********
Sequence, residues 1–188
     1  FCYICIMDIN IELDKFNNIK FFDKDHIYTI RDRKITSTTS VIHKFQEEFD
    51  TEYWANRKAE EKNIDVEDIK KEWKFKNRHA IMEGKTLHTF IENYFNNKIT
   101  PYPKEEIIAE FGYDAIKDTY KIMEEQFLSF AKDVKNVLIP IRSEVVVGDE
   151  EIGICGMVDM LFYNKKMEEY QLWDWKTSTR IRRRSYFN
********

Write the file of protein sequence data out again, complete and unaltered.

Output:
Sequence, residues 1–188
     1  FCYICIMDIN IELDKFNNIK FFDKDHIYTI RDRKITSTTS VIHKFQEEFD
    51  TEYWANRKAE EKNIDVEDIK KEWKFKNRHA IMEGKTLHTF IENYFNNKIT
   101  PYPKEEIIAE FGYDAIKDTY KIMEEQFLSF AKDVKNVLIP IRSEVVVGDE
   151  EIGICGMVDM LFYNKKMEEY QLWDWKTSTR IRRRSYFN